Judgement is expected soon at the High Court following a landmark appeal by Rosa Monckton to retain parents’ right to make important decisions about the welfare of their children with learning disabilities once they reach 18.
Currently, under the Mental Capacity Act, parents must apply for deputyship through the Court of Protection in order to remain the decision maker for their children’s welfare, and Kisharon has supported many families in their application. However deputyship is only awarded in the most difficult cases. Without deputyship, important decisions can be made without parents’ involvement or consent.
Campaigners for the appeal say that although their children have reached adulthood, they remain unable to make simple daily decisions. In some cases, it may not be in the best interests of a vulnerable adult to have a parent as a deputy, but where parents have a proven track record of acting in their child’s best interests, the position of deputy should be theirs.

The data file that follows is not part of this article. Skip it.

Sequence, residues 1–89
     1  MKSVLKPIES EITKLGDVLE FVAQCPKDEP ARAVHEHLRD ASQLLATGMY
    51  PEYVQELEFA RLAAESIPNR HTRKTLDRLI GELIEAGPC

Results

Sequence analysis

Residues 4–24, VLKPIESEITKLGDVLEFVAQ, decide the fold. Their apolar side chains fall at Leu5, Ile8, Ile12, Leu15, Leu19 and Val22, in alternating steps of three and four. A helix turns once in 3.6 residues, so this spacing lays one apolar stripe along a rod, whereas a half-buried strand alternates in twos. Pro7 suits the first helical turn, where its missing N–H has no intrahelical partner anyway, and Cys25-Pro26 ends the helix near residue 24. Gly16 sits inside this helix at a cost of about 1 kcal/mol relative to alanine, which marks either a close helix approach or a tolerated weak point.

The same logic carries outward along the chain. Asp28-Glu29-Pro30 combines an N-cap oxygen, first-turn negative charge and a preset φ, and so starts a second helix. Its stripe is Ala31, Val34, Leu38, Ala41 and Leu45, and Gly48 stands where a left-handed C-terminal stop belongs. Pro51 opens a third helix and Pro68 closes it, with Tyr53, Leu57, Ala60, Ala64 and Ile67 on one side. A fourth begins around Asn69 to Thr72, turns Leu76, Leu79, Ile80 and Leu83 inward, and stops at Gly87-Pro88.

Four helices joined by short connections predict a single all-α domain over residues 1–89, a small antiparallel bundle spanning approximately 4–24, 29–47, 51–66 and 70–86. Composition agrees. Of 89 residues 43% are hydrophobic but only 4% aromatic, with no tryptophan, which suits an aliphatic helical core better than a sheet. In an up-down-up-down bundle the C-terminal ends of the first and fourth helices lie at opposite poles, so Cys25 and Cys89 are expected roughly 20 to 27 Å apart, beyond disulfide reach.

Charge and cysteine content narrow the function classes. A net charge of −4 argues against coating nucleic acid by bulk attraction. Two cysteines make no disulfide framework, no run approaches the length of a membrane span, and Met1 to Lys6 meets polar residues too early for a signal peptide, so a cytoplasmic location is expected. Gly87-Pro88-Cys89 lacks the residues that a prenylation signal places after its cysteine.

The Code of Practice used to interpret the Mental Capacity Act says a deputy will be appointed in the most difficult cases. But campaigners want the Court of Protection to assume that it is in the dependent person’s best interests to have a member of their close family as their deputy.
A decision is expected within the next four weeks.